How Powerful Is the Jaw? | How Jaw Pain Can Affect Oral Health

When you think about strong jaws, you probably picture a great white shark’s endless rows of teeth or the snapping maw of a crocodile. However, the truth is you don’t have to be a fearsome beast of the wild to have a strong bite; the human jaw actually possesses fairly impressive strength, too.

Okay, maybe it’s not the 3,700 pounds of force that a 17-foot crocodile’s jaws can exert on its prey, but for mere average humans, our jaw strength isn’t too shabby.

How Much Force Can the Human Jaw Exert?

Everyone’s anatomy is slightly different, and different jaw structure, length, width, muscle mass, and strength affects the force of the jaw.

A study used a gnathodynamometer (a special tool with a pair of padded arms separated by springs that was designed to measure the force of a human bite) to evaluate about a thousand different bites.

The study determined that the jaw’s pressure is different when measured on the molars (back teeth) vs. a person’s incisors (front teeth). Most people (but not all) can put more pressure on their molars than on their incisors.

The strongest human jaw force measured in the study was the maximum the gnathodynamometer could read, 275 pounds of force. For men, the average pounds of force exerted by the jaw on the molars was 150 pounds and 83 pounds on the incisors. For women, the average was 108 pounds on the molars and 57 pounds on the incisors.

Ultimately, the study found that the force of the human jaw was limited not by muscle strength but by the strength of the teeth themselves. When biting down on the gnathodynamometer most participants stopped increasing pressure because their teeth hurt – not because they couldn’t press any harder.

Teeth Strength and the Force of the Jaw

Although tooth enamel is one of the hardest tissues in the human body, it is still surprisingly delicate. Even healthy teeth can be chipped, cracked, or broken when exposed to the full clamping force of the temporomandibular joints (the two joints that act as hinges to your jawbone).

Teeth that have been weakened by decay, old amalgam fillings, or other oral health problems are even more susceptible to damage from the normal force of the human bite.

Temporomandibular Joint Disorders, Bruxism, and Your Teeth

Temporomandibular joint (TMJ) disorders are characterized by abnormalities with the temporomandibular joints. Individuals with TMJ disorders often experience problems with the functionality of their joints and jaw, such as lockjaw, trouble chewing or speaking, bruxism (grinding teeth and/or clenching the jaw), and sleep bruxism (bruxism that occurs during sleep).

These problems put abnormally high amounts of wear and tear on a person’s enamel and teeth, often compromising the structure and strength of the teeth and leading to more serious health problems such as:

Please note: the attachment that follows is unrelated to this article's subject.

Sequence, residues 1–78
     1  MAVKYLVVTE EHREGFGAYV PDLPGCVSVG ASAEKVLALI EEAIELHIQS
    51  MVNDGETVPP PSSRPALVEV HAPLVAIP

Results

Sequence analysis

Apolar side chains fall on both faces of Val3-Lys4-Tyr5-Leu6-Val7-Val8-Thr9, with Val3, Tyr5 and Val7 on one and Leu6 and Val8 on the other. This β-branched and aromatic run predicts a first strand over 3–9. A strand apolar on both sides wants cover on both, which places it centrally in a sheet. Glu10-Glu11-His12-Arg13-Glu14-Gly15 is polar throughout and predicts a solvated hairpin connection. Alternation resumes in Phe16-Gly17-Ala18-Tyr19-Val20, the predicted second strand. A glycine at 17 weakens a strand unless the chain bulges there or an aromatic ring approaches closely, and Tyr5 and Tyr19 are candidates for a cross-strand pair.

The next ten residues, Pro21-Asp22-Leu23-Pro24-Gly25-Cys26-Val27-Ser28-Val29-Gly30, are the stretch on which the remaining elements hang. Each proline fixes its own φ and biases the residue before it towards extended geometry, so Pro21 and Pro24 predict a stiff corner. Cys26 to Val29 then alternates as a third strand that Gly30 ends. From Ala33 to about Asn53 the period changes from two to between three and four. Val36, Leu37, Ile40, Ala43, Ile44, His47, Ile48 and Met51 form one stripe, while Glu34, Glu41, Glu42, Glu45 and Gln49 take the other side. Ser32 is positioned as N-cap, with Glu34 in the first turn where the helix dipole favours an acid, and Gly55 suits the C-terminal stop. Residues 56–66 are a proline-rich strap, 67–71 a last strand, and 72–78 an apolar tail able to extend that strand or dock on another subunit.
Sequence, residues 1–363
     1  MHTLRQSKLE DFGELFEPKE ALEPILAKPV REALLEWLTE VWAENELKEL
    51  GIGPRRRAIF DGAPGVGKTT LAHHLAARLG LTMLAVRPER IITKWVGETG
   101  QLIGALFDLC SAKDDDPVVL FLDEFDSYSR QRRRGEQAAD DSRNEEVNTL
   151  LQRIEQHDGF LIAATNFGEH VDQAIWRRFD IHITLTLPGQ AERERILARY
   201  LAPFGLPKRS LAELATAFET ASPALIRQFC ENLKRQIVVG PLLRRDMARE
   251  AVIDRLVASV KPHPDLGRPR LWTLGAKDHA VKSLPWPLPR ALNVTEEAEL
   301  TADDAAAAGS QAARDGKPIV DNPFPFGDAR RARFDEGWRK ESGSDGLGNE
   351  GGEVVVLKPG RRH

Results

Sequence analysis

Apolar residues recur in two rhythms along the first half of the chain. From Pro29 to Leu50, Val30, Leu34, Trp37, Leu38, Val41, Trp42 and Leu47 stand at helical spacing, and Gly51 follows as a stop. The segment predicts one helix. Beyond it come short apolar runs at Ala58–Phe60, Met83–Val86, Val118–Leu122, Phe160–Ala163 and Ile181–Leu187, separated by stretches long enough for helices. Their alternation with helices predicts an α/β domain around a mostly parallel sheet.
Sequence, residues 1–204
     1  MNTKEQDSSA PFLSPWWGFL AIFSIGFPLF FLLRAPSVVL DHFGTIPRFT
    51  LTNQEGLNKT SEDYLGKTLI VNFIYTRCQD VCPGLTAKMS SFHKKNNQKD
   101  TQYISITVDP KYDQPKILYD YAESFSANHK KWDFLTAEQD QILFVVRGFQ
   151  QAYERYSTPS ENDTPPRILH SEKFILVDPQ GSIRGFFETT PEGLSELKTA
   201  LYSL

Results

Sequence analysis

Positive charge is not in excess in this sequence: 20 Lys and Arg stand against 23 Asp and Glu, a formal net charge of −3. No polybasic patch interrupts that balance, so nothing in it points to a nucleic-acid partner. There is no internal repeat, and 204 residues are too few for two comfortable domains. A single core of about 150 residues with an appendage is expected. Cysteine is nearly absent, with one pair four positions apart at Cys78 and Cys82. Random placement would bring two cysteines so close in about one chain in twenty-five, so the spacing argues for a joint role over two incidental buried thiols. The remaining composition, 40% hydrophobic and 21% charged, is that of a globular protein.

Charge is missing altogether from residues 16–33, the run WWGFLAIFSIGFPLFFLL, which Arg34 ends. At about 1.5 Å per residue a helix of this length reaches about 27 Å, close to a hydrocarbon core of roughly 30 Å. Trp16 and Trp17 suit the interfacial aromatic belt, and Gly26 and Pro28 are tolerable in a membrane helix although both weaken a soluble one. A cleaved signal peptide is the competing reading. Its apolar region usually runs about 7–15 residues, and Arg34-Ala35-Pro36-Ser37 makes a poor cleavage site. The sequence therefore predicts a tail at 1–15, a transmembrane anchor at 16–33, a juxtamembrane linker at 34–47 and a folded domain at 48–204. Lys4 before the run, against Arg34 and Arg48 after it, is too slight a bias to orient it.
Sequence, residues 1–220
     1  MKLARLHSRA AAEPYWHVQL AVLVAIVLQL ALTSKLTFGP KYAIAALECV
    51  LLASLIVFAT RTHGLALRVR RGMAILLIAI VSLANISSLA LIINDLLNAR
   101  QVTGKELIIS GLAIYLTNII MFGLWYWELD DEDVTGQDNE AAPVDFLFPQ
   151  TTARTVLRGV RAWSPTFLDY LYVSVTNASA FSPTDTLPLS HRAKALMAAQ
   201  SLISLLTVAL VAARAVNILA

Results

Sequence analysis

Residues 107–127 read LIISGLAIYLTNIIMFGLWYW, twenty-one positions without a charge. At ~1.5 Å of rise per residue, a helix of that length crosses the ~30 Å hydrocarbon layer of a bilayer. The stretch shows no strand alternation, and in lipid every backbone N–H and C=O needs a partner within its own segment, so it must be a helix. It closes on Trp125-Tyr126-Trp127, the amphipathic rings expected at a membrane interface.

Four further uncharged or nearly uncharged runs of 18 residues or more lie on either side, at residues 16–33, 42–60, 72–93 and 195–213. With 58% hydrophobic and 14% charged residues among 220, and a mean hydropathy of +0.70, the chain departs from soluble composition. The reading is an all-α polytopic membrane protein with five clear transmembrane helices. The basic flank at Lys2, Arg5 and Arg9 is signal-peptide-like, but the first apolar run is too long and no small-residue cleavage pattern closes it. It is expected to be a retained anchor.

• Tooth decay
  • Bacterial infections and abscesses
  • Receding, swollen, painful, or bleeding gums
  • Periodontal disease
  • Severe tooth sensitivity
  • Chipped, cracked, or broken teeth
  • Tooth loss

If you experience frequent pain or discomfort in your jaw; have clicking, popping, or grinding sounds in your jaw; or often wake up in the morning with painful teeth or headaches, then you might be suffering from a TMJ disorder or sleep bruxism.

If this sounds like you, then we strongly encourage you to schedule an examination with a dentist at Eastgate Dental Excellence. We can talk with you about your symptoms and examine your teeth for signs of wear and tear related to TMJ disorder or bruxism. Additionally, we can evaluate the range of motion, function, and movement of your temporomandibular joints to diagnose the underlying cause of your painful symptoms and recommend a treatment plan designed specifically for you.

Bruxism and TMJ Disorder Treatment at Eastgate Dental Excellence

With the jaw’s ability to exert so much force, any disorders associated with the temporomandibular joints can cause a great amount of pain and discomfort.

In addition to wearing down tooth enamel, temporomandibular joint disorders often lead to tooth sensitivity, frequent headaches and migraines, difficulty chewing, jaw pain and tenderness, neck pain, face pain, and even earaches.

At Eastgate Dental Excellence, we offer patients a variety of treatment options and therapies designed to prevent damage from bruxism and to ease the symptoms of temporomandibular joint disorder.

In addition to mouthguards and nightguards to prevent damage from bruxism, we also provide orthodontics that can help improve your bite alignment, sometimes resolving TMJ disorder. Our dental clinic also provides patients with Botox treatments for TMJ pain.

Botox treatments provide long-lasting relief from the pain and discomfort associated with temporomandibular joint disorder. To learn more about these treatments and other options available with our dentists in Cincinnati, we welcome you to schedule a jaw pain consultation at Eastgate Dental Excellence today.